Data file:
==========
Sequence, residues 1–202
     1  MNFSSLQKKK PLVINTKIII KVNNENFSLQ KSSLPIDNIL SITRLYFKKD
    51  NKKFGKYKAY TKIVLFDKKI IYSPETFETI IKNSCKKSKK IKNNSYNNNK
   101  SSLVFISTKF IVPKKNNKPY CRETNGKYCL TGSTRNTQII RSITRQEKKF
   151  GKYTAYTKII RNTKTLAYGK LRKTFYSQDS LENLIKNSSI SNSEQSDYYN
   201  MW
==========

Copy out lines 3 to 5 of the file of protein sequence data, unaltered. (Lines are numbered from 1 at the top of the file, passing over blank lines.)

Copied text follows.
    51  NKKFGKYKAY TKIVLFDKKI IYSPETFETI IKNSCKKSKK IKNNSYNNNK
   101  SSLVFISTKF IVPKKNNKPY CRETNGKYCL TGSTRNTQII RSITRQEKKF
   151  GKYTAYTKII RNTKTLAYGK LRKTFYSQDS LENLIKNSSI SNSEQSDYYN